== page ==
Ra'mah (Heb. Ramnah', רָמָה) signifies a height, or a high place, from the root רוּם, to be high; and thus it is used in Eze 16:24. Very many of the ancient cities and villages of Palestine were built on the tops of hills, so as to be more secure, and hence, as was natural, such of them as were especially conspicuous were called by way of distinction , הָרָמָה (with the article), the Ileight; and this in the course of time came to be used as a proper name. We find no less than five Ramahs mentioned in Scripture by this simple name, besides several compounds, and in modern Palestine the equivalent Arabic name is of very frequent occurrence. With regart to most of them the traveller can still see how appropriate the appellation was. In the A. V. we have various forms of the word — Rumdath (רָמִת), the status constructus (Jos 13:26), Ramoth (רָמוֹת and רָמֹת), the plural (Jos 21:36; 1Sa 30:27); and Reamathacimz (רָמָתִים), a dual form (1Sa 1:1). Remaeth (רֶמֵת) appears to be only another form of the same word. InI later Hebrew. ramtha is a recognised word for a hill, and as such is employed in the Jewish versions of the Pentateuch for the rendering of Pisgah. SEE ARIMATHAEA. In the following account we largely follow the usual geographical authorities, with important additions from other sources.
1. RAMAH OF BENJAMIN (Sept. ῾Ραμά and Α᾿ραμά , v. r. Ι᾿αμά, ῾Ραμμά, ῾Ραμμάν, Βαμά, Vulg. Ramah), frequently mentioned in Scripture; Joshua, in enumerating the towuns of Benjamin, groups Ramah between Gibeon and Beeroth (18:25). This position suits the present Ram-Allah, but the consideratioms named in the text make it very difficult to identify any other site with it than er-Ram. It is probably this place which is mentioned in the story of Deborah, "She dwelt under the palm-tree of Deborah, between Ramah and Iethel in Mount Ephraim" (Jg 4:5). The Targum on this passage substitutes for the Palm of Deborah, Ataroth-Deborah, no doubt referring to the town of Ataroth. This has everything in its favor, since Atara is still found ol thie left hand of the north road, very nearly midway between er-Rhm anld Beitin. Its position is clearly indicated in the distressing narrative of the Levite recorded in Judges 19. He left Bethlehem for his home in Mount Ephraim in the afternoon. Passing Jerusalem, he journeyed northward, and, crossing the ridge, came in sight of Gibeah and Bainalh, each standing on the top of its hill; and he said to his servant, "Come and let us draw near to one of these places to lodge all night, in Gibeahl or in Ramah" (ver. 13). The towns were near the roaid on the right, and about two miles apart. The position of these two ancient towns explains another statement of Scrilpture. It is said of Saul (1Sa 22:6) that "he abode in (Gibeah under a tree in Ramah." The meaning appears to be that the site of his standing: camp was in some commanding spot on the borders of the two territories of Gibeah and Ramah. When Israel was divided, Ramah lay between the rival kingdoms, and appears to have been destroyed at the outbreak of the revolt; for we read that "Baasha, king of Israel, went up against Judah, and built Ramah" (1Ki 15:17). It was a strong position, and commanded the great road from the north to Jerusalem. The king of Judah was alarmed at the erection of a fortress in such close proximity to his capital, and he stopped the work by bribing the Syrians to invade northern Palestine (vers. 18-21), and then carried off all the building materials (ver. 22). There is a precise specification of its position in the catalogue of thle places north of Jerusalem which are enumerated by Isaiah as disturbed by the gradual approach of the king of Assyria (Isa 10:28-32). At Michmash he crosses the ravine; and then successively dislodges or alarms Geba, Ramah, and Gibeah of Saul. Each of these may be recognised with almost absolute certainty at the present day. Geba is Jeba, on the south brink of the great valley; and a mile and a half beyond it, directly between it and the main road to the city, is er-Ram, on the elevation which its ancient name implies. Ramah was intimately connected with one of the saddest epochs of Jewish history. The full story is not told, but the outline is sketched in the words of Jeremiah. In the final invasion of Judea by the Babylonians, Nebuchadnezzar established his headquarters on the plain of Hamath, at Riblah (Jer 39:5). Thence he sent his generals, who captured Jerusalem. The principal inhabitants who escaped the sword were seized, bound, and placed under a guard at Ramah, while the conquerors were employed in pillaging and burning the temple and palace, and levelling the ramparts. Among the captives was Jeremiah himself (Jer 40:1,5, with 39:8-12). Perhaps there was also a slaughter of such of the captives as, from age, weakness, or poverty, were not worth the long transport across the desert to Babylon. There, in that heart-rending scene of captives in chains wailing over slaughtered kinudred and desolated sanctuaries, wmas fulfilled the first phase of the prophecy uttered only a few years before: "A voice was heard in Ramah, lamentation and bitter weeping: Rachel weeping for her children, refused to be comforted for her children because they were not" (Jer 31:15). That mourning was typical of another which took place six centuries later. when the infants of Bethlehem were murdered, and the second phase of the prophecy was fulfilled (Mt 2:17). As Ramah was in Benjamin, the prophet introduces Rachel, the mother of that tribe, bewailing the captivity of her descendants. SEE RAMA.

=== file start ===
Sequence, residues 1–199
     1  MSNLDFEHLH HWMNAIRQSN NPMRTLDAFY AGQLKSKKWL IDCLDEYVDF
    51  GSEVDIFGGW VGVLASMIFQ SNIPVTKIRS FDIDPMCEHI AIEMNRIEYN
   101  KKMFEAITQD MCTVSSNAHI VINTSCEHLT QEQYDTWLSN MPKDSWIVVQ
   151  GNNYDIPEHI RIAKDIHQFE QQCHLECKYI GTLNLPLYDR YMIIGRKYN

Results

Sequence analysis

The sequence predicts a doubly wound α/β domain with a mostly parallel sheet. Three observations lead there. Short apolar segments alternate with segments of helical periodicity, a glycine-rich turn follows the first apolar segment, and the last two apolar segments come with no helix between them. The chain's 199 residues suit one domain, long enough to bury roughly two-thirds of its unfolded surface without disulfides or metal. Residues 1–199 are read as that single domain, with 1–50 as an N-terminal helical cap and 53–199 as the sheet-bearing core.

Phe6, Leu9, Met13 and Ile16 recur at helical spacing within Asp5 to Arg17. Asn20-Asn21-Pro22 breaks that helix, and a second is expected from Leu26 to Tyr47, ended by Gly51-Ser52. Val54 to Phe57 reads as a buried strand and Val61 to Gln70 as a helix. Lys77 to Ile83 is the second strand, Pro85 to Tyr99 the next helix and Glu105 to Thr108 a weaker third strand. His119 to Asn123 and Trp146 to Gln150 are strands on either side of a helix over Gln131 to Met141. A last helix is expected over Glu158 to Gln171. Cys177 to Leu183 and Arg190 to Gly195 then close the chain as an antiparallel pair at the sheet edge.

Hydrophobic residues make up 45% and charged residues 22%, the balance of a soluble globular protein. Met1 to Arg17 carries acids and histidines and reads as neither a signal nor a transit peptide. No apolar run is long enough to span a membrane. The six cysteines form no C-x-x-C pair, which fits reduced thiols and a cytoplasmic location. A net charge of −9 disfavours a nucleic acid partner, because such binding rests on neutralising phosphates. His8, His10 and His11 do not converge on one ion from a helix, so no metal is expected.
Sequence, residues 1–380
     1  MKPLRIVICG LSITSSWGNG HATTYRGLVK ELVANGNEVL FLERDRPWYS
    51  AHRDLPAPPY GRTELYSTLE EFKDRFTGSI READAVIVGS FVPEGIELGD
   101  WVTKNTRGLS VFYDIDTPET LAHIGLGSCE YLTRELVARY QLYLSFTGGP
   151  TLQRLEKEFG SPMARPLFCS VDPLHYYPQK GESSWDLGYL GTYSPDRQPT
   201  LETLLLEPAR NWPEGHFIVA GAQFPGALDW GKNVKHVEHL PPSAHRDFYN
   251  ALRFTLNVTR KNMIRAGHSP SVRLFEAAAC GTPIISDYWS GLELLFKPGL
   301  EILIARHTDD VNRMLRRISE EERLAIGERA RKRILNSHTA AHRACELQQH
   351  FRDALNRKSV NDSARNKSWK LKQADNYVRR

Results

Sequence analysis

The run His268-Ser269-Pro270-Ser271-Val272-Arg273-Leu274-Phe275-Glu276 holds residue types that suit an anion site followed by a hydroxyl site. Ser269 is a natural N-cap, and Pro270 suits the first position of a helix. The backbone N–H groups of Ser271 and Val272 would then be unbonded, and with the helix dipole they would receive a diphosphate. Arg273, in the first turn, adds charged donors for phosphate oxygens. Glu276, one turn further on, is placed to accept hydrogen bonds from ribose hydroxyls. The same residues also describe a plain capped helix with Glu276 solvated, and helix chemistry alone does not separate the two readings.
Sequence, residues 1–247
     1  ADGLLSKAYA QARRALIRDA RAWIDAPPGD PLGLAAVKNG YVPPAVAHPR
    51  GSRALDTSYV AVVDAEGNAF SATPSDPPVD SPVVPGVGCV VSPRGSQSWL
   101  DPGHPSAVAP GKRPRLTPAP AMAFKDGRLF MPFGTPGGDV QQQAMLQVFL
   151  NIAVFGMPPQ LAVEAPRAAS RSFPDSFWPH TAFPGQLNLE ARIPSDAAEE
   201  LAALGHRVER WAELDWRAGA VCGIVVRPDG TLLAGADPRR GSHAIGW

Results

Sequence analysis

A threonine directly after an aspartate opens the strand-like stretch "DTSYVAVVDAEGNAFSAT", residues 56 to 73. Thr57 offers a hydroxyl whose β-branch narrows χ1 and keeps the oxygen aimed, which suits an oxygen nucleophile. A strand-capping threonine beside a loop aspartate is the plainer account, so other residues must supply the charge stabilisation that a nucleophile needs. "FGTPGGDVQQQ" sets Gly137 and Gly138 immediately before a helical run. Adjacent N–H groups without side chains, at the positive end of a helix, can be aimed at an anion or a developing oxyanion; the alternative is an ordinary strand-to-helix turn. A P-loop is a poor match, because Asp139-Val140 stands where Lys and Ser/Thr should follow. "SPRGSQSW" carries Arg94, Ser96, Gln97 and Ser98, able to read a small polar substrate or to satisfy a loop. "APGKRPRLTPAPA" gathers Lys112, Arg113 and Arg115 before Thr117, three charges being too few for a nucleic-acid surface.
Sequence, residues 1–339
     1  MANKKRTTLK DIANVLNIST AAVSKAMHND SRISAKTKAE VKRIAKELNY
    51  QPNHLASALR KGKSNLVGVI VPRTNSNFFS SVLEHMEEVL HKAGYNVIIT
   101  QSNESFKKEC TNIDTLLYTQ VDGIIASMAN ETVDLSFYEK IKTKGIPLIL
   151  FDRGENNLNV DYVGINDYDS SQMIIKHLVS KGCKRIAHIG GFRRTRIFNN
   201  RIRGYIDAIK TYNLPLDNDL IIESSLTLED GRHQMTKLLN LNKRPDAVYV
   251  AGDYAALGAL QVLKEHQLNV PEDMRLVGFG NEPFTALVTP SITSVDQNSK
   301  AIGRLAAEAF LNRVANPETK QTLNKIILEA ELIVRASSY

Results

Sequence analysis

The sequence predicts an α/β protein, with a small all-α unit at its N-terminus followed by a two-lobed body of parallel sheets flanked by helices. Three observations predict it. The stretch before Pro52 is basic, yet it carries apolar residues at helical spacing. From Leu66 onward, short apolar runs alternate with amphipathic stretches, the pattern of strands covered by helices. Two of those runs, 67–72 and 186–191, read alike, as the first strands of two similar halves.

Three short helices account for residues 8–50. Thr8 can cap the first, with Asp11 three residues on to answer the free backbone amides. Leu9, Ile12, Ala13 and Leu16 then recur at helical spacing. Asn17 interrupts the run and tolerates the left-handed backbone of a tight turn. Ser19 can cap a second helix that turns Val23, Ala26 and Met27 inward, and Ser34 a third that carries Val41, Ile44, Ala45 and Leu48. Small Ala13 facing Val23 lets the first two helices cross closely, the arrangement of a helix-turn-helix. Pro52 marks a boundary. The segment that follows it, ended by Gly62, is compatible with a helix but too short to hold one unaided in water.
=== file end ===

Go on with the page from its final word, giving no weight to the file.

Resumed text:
Ramah was rebuilt and reoccupied by the descendants of its old inhabitants after the captivity (Ezr 2:26; Ne 7:30). The Ramah in Ne 11:33 is thought by some to occupy a different position in the list, and may be a distinct place situated farther west, nearer the plain. (This, and Jer 31:15, are the only passages in which the name appears without the article.) The Sept. finds an allusion to Ramah in Zec 14:1, where it renders the words which are translated in the A.V. "and shall be lifted up (רָאֲמָה '), and inhabited in her place," by "Ramah shall remain upon her place." According to Josephus (who calls it ῾Ραμαθών), it was forty stadia distant from Jerusalem (Ant. 8:12, 3); and Eusebius and Jerome place it in the sixth mile north of the holy city (Ononast. s.v. "Rama;" but in his commentary on Ho 5:8, Jerome says in septizmo lapide); and the latter states that in his day it was a small village (ad Sophoniam, i, 15).
Modern travellers are right in identifying Ramah of Benjamin with the village of er-Ram (Brocardus, vii; Robinson, Bibl. Res. i, 576); though Maundrell and a few others have located it at Neby Samwil. Er-Ram is five miles north of Jerusalem and four south of Bethel. The site of Gibeah of Saul lies two miles southward, and Geba about the same distance eastward.